Does your child struggle to focus?

Five signs your child may need help with their executive functioning skills

As a parent, you may worry your child is not meeting expectations at school. While all children have different capabilities, you can look for signs indicating your child is struggling in certain areas.

One area of weakness for some children is executive functioning skills, which can impact their school performance and grades.

Fortunately, some signs may show your child is struggling in these areas. Identifying these signs can help you decide if your child needs coaching to help them develop these skills so they can achieve their full potential.

What are executive functioning skills

To identify if your child is having problems, you must first understand what “executive functioning skills” mean. These skills include:

• Problem-solving;

• Time management;

• Organising and planning;

• Focusing and completing tasks;

• Processing and retaining information.

If your child is struggling with any of these skills, it will impact their ability to learn and may prevent them from achieving their expected grades in school.

Your child struggles to focus

Retaining focus in a classroom environment is essential for a child to absorb all the information and move through each learning stage. Many children are easily distracted, want to move on to a different task, or do not seem to have the ability to sit still or listen.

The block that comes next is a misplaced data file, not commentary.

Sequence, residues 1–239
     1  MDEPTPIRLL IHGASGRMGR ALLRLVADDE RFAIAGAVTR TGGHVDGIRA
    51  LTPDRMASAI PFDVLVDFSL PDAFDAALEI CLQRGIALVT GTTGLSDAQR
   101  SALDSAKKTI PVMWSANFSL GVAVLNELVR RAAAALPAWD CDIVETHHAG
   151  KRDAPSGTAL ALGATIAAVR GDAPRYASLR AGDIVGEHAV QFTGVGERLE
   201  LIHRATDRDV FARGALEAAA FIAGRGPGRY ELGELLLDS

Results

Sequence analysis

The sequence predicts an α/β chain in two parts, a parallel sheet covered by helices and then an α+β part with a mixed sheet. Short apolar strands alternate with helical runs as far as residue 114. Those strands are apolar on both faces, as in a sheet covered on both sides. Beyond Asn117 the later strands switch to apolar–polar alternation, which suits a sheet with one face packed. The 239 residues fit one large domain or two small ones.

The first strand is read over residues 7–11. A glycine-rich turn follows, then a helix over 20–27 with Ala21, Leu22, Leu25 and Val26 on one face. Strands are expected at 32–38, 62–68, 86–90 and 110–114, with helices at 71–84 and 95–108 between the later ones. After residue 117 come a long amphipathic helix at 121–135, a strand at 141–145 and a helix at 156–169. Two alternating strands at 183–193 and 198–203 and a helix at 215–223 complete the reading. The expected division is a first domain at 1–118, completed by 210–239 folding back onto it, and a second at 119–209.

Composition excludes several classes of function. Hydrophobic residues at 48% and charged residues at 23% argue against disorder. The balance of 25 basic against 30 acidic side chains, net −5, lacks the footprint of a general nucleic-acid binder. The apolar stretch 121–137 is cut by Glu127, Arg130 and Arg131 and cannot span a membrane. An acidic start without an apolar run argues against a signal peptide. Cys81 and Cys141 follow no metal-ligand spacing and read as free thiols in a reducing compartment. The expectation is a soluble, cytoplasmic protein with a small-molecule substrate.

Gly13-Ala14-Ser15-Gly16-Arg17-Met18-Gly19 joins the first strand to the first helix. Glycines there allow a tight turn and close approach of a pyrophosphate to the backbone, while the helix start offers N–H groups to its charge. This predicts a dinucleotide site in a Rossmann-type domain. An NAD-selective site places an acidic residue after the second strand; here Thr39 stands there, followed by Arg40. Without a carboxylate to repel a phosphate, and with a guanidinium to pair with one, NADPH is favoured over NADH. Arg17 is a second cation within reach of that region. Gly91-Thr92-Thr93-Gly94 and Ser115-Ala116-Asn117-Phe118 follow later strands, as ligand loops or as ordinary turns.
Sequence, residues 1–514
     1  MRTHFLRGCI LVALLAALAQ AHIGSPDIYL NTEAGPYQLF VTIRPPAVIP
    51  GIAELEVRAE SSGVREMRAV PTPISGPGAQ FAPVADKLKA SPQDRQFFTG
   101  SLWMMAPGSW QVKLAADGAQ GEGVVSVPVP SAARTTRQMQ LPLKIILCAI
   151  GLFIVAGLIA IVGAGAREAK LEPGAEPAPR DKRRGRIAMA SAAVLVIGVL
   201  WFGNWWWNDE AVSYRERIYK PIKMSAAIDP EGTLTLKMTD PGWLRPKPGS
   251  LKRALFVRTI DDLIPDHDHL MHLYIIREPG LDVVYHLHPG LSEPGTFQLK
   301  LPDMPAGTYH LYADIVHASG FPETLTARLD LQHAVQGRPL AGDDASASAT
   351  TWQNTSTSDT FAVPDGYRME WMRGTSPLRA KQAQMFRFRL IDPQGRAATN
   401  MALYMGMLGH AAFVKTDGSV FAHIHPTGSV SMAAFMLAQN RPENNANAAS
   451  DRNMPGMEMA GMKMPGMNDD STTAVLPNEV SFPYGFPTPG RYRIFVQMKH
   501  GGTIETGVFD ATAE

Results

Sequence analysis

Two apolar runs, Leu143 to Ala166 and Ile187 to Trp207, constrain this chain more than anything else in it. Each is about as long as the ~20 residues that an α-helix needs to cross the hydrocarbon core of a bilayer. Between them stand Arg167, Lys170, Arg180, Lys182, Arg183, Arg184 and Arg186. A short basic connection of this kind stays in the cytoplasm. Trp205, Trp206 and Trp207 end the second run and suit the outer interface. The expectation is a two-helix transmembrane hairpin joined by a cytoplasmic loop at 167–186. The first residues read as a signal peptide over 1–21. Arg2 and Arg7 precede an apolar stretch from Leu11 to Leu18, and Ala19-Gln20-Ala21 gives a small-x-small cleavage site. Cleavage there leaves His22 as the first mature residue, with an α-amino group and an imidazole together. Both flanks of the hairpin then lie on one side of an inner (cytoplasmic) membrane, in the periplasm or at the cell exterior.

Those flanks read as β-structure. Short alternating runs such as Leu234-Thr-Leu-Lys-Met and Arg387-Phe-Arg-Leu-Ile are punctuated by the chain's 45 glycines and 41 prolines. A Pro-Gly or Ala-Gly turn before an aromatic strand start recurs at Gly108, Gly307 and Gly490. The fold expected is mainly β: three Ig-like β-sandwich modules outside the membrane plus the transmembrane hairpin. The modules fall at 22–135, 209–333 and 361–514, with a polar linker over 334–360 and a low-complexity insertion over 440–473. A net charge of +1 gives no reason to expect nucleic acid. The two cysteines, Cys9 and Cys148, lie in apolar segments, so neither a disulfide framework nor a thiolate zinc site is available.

Planning and organisation are issues

Planning and organisation are vital skills, not only during education but also throughout life. The inability to plan and organise themselves may mean they pack the wrong books or equipment, forget what they need to take to school, and take longer to complete tasks in the classroom.

They can only concentrate on one task at a time

Multitasking is a skill needed in school and then into adult life. If your child can only concentrate and complete one task at a time, they may begin to fall behind their peers at school. Even simple tasks that require two skills, such as reading from a board and transferring information into their school book, are potentially tricky for children who cannot multitask.

Your child struggles to manage their time

Time management is a vital skill that will help your child to learn effectively. You may notice that your child spends too long on small or unimportant tasks and does not leave enough time to complete the project’s larger and more critical aspects. Other elements of time management they may need help with are timekeeping and punctuality.

Processing and retaining information are problematic

When a child cannot recall what they have learned in a lesson, it can indicate they have problems processing and retaining information. It means they are limited in what they take away from a class compared to their peers, although it does not necessarily mean they cannot understand the topic or grasp concepts. The inability to retain information can also mean your child struggles with tests.

The bottom line

No child is born with executive functioning skills; they will learn these gradually as they grow and gain more experience in the learning environment.

All is not lost if you identify that your child is struggling with some of these skills. It is often possible for them to develop these skills with coaching or to learn strategies that help them to overcome their difficulties in these areas.

Coaching to support the development of these skills can help your child to reach their full potential.  

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